We often hear about destructive fires in the media. We know that fire is dangerous and can cause severe damage and destruction and, at times, death.
Since our earliest days, humans have sought to find out what fire is, how it starts and what keeps it going. Scientists today are continually researching for ways to reduce its destructiveness or even prevent it from happening.
We are learning to manage fire. Throughout New Zealand’s history, there have been many kinds of destructive fires. The Ballantynes department store fire in Christchurch in 1947 was the worst in New Zealand’s history – 41 people died. Other fires have included the destruction of houses, factories, storehouses, shops, land and bush (wildfires).
Through learning about the science of fire, scientists have been discovering better ways to manage fire. Some of this research has resulted in:
- detecting fires more quickly
- planning buildings and other structures for ease of evacuation in a fire
- making fire-retardant materials for furniture
- planning to prevent, reduce and manage fire outbreaks in rural areas.
Even fire walkers use scientific knowledge of fire to walk on fire without getting harmed!
What is fire?
So what is fire? What causes things to ignite? How does fire behave, how does it get out of control and how can we stop it? How can we prevent it from starting or reduce its destructiveness? Find out more in the articles Slowing the burning, A truck and a tunnel and Managing fire risk in the outdoors.
Sometimes we might think that fire is a living thing! It moves, ‘eats’ things and seems to breathe. The ancient Greeks thought it was one of four major elements, along with water, earth and air. They could feel, see and smell fire just like they could the earth, water and air, but fire is something completely different. Earth, water and air are all matter – they are made up of billions of atoms. Fire is not matter at all, and it is not a living thing. It’s the visible effect of a chemical reaction between oxygen in the atmosphere and some sort of fuel.
It is important to understand this chemical reaction and how it happens. This helps us to know how to prevent and manage fire disasters.
Take up the challenge
There are a number of activities that support student learning. Hands-on activities include:
Drama in the microworld – using drama to model atoms, molecules, heat transfer and combustion.
Light a candle – observe and investigate a candle flame and the process of burning.
The great candle experiment – the oft-used inverted jar in a saucer of water but without the common misconceptions.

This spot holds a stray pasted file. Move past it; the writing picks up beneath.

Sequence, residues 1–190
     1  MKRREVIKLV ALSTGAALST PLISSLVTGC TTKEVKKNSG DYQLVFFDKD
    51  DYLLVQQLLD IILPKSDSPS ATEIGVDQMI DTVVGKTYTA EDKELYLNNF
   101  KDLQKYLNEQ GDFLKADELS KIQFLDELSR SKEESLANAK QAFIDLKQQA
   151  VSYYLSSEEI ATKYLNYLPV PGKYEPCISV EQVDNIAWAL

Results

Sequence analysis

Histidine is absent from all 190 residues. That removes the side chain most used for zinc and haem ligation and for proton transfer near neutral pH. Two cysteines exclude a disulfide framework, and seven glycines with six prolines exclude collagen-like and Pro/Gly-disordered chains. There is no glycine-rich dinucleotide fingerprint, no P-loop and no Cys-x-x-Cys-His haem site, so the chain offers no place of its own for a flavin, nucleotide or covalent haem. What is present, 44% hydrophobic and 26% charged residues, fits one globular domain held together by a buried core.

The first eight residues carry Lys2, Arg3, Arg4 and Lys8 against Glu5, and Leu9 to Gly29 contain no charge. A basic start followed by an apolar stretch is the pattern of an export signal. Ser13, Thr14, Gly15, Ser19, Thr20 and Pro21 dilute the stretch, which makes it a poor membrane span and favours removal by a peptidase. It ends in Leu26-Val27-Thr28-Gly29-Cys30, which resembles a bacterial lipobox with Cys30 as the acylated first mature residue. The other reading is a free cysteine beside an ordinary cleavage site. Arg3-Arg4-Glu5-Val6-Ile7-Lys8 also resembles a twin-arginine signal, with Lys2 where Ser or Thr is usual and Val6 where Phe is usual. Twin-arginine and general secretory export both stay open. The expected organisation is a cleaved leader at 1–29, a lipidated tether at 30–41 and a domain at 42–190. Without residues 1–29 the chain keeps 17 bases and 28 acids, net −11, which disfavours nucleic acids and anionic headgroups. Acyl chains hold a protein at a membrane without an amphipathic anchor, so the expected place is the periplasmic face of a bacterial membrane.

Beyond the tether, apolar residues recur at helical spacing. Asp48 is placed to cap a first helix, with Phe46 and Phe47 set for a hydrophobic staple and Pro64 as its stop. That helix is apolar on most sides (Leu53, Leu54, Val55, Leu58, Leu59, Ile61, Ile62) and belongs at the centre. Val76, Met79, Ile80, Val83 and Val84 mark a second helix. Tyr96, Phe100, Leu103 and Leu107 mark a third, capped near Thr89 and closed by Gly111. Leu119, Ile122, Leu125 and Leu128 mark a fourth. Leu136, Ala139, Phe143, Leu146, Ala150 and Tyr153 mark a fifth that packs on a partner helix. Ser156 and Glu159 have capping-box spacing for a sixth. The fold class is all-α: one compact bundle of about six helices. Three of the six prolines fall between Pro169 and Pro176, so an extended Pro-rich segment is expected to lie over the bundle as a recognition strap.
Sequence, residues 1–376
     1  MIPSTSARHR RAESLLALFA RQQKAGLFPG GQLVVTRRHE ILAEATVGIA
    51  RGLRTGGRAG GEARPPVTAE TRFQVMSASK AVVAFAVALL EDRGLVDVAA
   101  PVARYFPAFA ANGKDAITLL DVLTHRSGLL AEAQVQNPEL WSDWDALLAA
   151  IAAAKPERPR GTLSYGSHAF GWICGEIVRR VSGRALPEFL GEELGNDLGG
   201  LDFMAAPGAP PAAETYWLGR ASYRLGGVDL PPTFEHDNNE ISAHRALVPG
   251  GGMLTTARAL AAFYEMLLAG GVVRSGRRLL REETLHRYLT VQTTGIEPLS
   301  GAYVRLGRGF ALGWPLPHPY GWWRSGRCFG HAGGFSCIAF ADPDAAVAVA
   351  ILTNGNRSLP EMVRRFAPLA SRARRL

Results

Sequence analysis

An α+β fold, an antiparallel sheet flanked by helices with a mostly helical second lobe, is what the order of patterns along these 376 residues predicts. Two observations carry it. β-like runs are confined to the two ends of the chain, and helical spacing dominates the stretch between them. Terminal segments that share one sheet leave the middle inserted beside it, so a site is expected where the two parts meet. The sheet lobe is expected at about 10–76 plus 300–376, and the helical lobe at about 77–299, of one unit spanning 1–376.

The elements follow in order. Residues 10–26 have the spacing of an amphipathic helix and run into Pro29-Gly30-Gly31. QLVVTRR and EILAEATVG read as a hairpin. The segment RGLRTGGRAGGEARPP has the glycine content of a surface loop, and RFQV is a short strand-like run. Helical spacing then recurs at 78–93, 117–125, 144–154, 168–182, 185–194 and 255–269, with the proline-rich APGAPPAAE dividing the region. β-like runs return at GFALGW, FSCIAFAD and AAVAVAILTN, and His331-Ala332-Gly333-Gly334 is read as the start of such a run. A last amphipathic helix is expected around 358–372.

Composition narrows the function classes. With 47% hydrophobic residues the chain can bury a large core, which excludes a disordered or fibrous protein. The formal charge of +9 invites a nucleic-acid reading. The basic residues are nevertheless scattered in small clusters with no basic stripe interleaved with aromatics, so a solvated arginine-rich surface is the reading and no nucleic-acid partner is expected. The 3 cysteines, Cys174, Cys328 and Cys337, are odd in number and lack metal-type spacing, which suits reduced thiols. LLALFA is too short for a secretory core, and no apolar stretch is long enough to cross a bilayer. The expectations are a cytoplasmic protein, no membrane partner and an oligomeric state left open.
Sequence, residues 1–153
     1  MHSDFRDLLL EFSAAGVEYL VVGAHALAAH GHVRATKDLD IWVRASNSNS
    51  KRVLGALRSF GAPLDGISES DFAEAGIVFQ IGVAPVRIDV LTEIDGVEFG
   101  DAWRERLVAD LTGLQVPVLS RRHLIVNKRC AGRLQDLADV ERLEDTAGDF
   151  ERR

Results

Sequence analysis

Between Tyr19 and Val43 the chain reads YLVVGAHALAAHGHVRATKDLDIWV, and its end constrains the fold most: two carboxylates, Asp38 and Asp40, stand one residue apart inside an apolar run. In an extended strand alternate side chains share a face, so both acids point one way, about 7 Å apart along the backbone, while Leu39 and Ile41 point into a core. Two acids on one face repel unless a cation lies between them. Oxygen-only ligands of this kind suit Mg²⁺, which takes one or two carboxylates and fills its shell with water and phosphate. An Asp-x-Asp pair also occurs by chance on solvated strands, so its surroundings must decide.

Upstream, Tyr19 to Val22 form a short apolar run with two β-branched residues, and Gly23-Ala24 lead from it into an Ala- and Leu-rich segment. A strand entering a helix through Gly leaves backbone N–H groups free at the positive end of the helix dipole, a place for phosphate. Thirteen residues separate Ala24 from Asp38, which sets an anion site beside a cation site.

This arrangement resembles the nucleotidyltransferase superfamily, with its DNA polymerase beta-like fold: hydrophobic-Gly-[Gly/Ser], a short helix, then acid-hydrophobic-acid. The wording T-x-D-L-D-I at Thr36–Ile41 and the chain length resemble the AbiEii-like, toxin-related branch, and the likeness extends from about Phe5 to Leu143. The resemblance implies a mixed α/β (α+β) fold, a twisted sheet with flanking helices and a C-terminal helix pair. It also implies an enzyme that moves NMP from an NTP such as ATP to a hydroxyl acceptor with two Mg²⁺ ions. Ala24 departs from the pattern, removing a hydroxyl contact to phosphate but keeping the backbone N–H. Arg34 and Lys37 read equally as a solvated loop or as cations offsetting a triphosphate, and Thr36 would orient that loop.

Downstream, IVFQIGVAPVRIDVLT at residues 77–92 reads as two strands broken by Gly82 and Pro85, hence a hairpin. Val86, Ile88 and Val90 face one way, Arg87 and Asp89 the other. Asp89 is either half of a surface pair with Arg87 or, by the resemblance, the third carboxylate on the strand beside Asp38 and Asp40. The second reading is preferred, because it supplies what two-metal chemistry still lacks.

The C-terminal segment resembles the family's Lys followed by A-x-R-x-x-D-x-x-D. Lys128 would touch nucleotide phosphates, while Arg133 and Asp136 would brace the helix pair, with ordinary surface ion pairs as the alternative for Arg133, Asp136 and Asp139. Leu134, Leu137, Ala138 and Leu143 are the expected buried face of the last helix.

Putting out the fire – investigate ways of extinguishing fire, using knowledge of the fire triangle and fire chemistry.
The flying teabag – investigating convection.
Exploding flour – observing combustion.
Literacy-based activites include:
Fire risk assessment – use of an interactive to identify and define rural fire risks.
Fire safety – using scenarios involving fire risks and safety plans.
Fire in Antartica – a literacy activity using an online article.
Ethics in fire science – develop critical thinking skills through ethical discussions.
The Investigating fire – question bank provides a list of questions about fire and places where their answers can be found. The questions support an inquiry approach.
For explanations of key concepts, see Investigating fire – key terms.
Explore the timeline to look at some of the events and disasters relating to fire and how humans have learnt to manage this chemical reaction.
Across our year 7/8 classes, we make considerable use of the Science Learning Hub. With the Fire resources, we use a predict, observe, explain format - prefaced with the question, 'What makes science, science?'Tony Roberts, teacher
The favourite activities are Exploding flour and The great candle experiment.
Nature of science
Loss of life and property in fire disasters has prompted scientists to study fire and fire behaviour in both structural and rural fires. It has only been since the early 1990s that fire research has developed in New Zealand. Organisations involved with fire research collaborate with each other and work with fire science organisations internationally, combining ideas and finances to provide more substantial work.